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DAM REMOVAL: The nation's third most endangered river of 2000 will move a step closer to restoration when Secretary of the Interior Bruce Babbitt removes a small section of the 200-foot tall Matilija Dam from the Ventura River in southern California. Ventura County, owner of the dam, will hold a demonstration project Thursday, October 12, 2000, at the dam site. "The construction of Matilija Dam led directly to the destruction of the Ventura River; its removal will lead to its rebirth," said Charles Price, the President of the grassroots group, Friends of the Ventura River. "The widespread endorsement of this project reflects the broad range of values that a free-flowing river has for people from all walks of life." Although there is overwhelming support for the entire removal of Matilija Dam, it is not a done deal. This demonstration will remove only a 5-foot-high rim along the top right section of the dam to test the effectiveness of this removal technique. But with this demonstration, the newly formed Matilija Coalition-an organization of local, state, and national conservation groups and businesses-hopes to educate the public, while integrating the resources of all levels of government toward removing Matilija Dam in its entirety.  "This project is a significant milestone in our campaign, since it will provide not only a technical demonstration, but also a public demonstration of the support for removal of Matilija Dam," said Paul Jenkin, Coordinator of the Matilija Coalition. Total costs for the dam removal are estimated at anywhere from $20 million to $180 million, according to a study completed this spring by the Bureau of Reclamation.  (American Rivers press release 10/12)

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FRENCH BROAD RIVER: The French Broad River in Tennessee is showing signs of recovery with the recent discovery of a hockey-puck-sized mussel called the pink mucket. As reports the Knoxville News-Sentinel (10/11), "in terms of aquatic biodiversity, the French Broad is a shadow of its former self." But modern water pollution laws and dam modifications are leading to the restoration of the river. Biologists have been transplanting freshwater mussels at three different sites in the French Broad tailwaters since 1997, though the pink mucket is not one of the species that has been transplanted - an exciting find for scientists. Though the lower French Broad is still affected by pollution mainly from agricultural run-off, "its habitat conditions have improved thanks to TVA's modifications to Douglas Dam that have increased oxygen and minimum flows." Scientists say that of the 41 mussel species that historically lived in the French Broad, only 11 of those species are found in the river today, with only a handful still reproducing.

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TROUT: Yellowstone cutthroat trout are losing ground to the imported rainbow trout in the South Fork of the Snake River in Idaho, reports the Idaho Statesman (10/12). If rainbow numbers are not checked soon, few native cutthroats may survive, says the Idaho Department of Fish and Game. In 1986, rainbows made up about 1 percent of the total catch along the river. Today, they make up nearly 30 percent of the total catch. Cutthroats made up 79 percent of the catch in 1986, and today make up about half of the total catch. Brown trout, native whitefish and lake trout make up the rest of the catch. Several groups have petitioned to have the cutthroat listed under the Endangered Species Act, and the Fish and Wildlife Service might consider the request as early as this fall. If the fish is listed, fishing would likely be discouraged along parts of the river, causing local communities to suffer economically. In response to the crisis, the Idaho Department of Fish and Game now allows fishermen to keep as many as six rainbow trout, but only two cutthroat or brown trout. They are also removing rainbows and hybrid trout by electrofishing.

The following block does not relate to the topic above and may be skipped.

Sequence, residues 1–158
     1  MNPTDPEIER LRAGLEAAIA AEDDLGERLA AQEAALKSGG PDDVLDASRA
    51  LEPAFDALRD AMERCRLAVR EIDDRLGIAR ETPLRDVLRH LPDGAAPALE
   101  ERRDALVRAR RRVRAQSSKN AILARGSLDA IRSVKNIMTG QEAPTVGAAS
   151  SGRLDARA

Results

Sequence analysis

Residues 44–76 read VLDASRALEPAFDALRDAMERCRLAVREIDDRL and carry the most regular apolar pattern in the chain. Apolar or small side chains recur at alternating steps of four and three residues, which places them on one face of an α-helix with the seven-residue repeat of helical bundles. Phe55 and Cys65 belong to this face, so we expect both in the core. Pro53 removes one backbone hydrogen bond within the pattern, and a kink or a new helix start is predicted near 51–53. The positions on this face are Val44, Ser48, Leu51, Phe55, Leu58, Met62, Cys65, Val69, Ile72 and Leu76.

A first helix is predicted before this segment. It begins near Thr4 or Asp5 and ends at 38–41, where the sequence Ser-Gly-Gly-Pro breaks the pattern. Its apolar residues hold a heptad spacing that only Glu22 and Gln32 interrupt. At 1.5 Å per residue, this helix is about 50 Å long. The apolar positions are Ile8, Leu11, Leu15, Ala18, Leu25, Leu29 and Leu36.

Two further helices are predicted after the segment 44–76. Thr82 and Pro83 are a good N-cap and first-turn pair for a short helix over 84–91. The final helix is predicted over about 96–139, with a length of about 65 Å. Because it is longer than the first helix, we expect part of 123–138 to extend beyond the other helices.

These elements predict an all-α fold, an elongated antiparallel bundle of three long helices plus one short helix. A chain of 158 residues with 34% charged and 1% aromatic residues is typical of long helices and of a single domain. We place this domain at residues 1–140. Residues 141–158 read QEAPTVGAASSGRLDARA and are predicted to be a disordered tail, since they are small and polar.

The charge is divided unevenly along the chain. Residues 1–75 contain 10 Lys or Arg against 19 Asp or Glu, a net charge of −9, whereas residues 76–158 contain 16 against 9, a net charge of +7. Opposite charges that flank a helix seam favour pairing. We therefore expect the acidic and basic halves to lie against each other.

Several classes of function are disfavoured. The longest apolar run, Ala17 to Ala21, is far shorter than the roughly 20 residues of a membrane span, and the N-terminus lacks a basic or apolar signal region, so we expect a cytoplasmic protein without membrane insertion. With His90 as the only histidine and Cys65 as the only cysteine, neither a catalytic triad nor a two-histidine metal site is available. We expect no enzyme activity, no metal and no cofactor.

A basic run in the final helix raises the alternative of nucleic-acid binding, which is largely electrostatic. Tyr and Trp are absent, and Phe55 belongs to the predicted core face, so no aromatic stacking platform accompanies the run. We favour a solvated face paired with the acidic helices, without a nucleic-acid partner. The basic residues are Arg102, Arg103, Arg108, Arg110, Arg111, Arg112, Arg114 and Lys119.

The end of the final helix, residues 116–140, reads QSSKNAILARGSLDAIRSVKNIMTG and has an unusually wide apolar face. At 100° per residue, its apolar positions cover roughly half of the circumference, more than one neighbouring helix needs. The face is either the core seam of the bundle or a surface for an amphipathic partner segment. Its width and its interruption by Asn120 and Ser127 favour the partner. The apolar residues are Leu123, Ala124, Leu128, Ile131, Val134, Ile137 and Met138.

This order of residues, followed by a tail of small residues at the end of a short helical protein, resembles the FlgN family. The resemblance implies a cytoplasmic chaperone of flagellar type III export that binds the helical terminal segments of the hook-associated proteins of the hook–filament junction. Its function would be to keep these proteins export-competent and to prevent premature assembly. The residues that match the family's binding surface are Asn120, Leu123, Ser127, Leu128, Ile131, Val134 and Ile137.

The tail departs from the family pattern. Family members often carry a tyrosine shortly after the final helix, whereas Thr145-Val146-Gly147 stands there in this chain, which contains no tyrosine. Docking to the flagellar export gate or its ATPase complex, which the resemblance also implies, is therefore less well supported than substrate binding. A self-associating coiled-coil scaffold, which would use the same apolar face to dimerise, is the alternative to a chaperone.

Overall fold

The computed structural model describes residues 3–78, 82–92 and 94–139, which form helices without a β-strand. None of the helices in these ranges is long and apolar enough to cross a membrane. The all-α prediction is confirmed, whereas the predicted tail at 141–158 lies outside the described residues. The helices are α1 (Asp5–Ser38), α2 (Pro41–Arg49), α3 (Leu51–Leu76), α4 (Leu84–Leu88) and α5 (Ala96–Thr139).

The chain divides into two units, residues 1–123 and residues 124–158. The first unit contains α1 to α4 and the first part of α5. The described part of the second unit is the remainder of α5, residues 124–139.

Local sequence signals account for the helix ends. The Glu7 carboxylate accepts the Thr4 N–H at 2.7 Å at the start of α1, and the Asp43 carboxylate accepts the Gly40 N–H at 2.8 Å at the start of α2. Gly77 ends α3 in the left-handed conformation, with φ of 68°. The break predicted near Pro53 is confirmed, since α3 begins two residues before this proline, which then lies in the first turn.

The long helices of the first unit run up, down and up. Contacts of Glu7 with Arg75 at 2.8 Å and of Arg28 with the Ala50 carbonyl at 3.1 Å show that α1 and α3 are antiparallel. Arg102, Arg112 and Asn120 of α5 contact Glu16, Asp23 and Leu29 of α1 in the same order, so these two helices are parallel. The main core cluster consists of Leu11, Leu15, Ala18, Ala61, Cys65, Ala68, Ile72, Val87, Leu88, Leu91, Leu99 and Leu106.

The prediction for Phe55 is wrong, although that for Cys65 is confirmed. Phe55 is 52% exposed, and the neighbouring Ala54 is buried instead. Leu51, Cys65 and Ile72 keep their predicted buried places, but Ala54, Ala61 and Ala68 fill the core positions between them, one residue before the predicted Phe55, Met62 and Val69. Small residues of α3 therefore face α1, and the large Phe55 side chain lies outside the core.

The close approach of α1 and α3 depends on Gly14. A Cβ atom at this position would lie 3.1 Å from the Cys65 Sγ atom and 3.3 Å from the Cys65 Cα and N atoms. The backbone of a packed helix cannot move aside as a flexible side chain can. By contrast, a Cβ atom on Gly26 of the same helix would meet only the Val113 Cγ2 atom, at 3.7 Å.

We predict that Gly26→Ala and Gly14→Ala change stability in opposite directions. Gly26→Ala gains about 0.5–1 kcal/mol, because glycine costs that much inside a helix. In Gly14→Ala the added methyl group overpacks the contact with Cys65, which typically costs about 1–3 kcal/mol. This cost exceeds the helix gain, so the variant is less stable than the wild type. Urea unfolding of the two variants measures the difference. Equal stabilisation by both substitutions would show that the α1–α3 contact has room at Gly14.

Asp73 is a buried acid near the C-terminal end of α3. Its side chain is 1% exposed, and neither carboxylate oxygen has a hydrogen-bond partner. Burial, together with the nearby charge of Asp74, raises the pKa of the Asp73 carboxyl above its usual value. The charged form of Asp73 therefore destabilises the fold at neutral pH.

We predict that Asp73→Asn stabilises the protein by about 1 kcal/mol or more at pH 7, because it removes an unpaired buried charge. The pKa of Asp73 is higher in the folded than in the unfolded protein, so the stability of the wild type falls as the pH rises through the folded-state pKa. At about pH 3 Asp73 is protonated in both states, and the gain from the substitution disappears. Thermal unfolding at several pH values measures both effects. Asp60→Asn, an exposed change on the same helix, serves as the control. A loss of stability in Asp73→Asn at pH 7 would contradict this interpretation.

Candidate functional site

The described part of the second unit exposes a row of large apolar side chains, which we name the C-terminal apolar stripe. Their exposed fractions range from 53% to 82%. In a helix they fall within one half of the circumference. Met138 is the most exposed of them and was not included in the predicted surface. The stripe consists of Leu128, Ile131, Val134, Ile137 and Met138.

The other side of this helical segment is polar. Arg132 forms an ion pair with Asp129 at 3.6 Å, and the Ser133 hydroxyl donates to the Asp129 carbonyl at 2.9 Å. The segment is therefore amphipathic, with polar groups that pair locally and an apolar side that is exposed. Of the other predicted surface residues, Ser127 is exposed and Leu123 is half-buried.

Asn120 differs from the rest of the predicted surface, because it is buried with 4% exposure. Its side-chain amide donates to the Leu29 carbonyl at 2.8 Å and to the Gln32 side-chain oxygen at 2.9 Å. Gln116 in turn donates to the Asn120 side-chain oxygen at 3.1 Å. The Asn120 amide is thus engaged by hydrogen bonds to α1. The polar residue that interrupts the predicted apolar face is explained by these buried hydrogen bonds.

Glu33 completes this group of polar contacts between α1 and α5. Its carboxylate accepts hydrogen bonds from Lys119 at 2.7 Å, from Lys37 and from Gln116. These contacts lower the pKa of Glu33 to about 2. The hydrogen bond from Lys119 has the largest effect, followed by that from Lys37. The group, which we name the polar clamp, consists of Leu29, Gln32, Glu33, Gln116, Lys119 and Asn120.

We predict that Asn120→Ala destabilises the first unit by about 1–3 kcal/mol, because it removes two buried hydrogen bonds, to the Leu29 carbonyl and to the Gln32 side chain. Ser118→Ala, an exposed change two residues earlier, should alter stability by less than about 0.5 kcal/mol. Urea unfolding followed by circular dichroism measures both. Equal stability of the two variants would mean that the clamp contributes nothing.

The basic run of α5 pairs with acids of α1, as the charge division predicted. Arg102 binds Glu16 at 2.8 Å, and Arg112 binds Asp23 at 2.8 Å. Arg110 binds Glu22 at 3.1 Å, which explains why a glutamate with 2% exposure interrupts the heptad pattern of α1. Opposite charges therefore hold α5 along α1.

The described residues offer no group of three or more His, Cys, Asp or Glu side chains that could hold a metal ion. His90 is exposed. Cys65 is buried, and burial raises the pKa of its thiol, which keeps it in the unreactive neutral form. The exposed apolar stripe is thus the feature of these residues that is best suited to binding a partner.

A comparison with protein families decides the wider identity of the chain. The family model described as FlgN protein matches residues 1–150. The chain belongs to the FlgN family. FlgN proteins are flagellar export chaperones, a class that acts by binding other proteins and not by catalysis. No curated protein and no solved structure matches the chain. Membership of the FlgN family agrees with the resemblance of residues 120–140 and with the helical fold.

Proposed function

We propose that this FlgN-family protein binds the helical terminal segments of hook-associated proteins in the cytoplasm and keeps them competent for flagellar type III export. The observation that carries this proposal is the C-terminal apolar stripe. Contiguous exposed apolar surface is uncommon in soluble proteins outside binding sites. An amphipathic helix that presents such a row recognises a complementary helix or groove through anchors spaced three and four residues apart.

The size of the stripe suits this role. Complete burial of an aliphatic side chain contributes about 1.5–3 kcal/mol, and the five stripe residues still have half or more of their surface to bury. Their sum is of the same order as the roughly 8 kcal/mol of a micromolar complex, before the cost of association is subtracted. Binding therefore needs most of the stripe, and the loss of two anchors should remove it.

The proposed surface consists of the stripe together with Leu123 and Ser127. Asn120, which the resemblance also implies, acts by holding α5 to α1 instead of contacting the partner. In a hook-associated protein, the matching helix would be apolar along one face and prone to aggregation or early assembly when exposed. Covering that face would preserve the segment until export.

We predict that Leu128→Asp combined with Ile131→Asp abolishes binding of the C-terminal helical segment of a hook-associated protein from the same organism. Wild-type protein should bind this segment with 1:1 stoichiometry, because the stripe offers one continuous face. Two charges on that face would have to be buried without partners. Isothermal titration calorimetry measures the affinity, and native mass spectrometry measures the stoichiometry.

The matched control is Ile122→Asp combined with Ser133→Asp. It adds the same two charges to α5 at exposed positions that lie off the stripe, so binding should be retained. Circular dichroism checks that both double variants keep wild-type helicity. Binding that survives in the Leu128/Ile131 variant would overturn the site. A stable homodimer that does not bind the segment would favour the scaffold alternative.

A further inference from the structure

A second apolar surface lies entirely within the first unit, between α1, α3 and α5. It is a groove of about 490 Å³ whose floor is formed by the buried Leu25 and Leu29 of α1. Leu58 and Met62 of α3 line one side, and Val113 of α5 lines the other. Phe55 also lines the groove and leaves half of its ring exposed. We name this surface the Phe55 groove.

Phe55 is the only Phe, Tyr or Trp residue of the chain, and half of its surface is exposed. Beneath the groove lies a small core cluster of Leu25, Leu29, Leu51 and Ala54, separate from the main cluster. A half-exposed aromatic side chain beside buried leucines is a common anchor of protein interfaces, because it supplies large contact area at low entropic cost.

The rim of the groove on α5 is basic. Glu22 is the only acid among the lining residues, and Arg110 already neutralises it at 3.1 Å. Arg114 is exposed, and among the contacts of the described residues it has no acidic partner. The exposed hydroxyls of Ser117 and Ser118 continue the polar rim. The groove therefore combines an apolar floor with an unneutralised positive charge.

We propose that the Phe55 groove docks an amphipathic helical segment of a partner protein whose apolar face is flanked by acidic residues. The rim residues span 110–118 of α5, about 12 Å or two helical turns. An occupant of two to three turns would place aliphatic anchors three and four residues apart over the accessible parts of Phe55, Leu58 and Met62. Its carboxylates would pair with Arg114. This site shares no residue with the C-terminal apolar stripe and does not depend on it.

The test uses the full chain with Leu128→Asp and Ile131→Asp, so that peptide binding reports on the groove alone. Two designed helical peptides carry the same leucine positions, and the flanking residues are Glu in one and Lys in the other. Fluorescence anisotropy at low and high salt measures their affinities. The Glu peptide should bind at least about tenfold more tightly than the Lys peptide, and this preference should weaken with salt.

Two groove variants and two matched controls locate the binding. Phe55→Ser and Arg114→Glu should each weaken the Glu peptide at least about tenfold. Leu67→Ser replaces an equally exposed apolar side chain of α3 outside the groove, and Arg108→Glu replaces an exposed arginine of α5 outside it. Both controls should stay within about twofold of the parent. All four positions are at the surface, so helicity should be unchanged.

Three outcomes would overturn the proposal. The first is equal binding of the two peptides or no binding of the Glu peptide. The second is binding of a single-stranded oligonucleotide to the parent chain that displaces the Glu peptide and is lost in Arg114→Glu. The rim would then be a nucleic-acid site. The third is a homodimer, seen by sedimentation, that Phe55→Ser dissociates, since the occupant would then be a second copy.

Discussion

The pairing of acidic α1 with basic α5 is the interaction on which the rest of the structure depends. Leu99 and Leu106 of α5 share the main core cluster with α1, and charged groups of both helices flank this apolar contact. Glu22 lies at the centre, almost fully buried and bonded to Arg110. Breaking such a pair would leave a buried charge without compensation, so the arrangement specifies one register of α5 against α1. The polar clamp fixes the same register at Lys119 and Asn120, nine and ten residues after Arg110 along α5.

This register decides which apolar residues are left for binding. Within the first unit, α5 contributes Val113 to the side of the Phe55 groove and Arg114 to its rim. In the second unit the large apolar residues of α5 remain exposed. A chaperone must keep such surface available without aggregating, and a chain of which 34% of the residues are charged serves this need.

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ACTION ALERT: REFORM OF THE CORPS OF ENGINEERS: Several Corps projects have come under scrutiny, including lock expansion, channel and harbor deepening, and brownfield remediation project. We desperately need reforms to ensure future Corps projects have significant economic benefits and avoid unacceptably high environmental costs.

Call and e-mail House leaders NOW to reform the U.S. Army  Corps of Engineers! With Congress counting the days until the end of session, we must act NOW to urge key Congressional decision-makers to include common-sense reforms.

Call or email Representatives Shuster, Oberstar, Boehlert, and Borski and urge them to include Army Corps reforms in the Water Resources Development Act (WRDA) 2000. To send an email directly from the web, visit

http://www.americanrivers.org/takeaction  Phone numbers for calling House leaders directly:
Bud Shuster (R-9th PA) 202-225-2431
Sherwood Boehlert (R-23rd NY) 202-225-3665
James Oberstar (D-8th MN) 202-225-6211
Robert Borski (D-3rd PA) 202-225-8251


To access additional action alerts, please check out the action alert center at http://www.americanrivers.org/takeaction


For more news, please visit us at www.americanrivers.org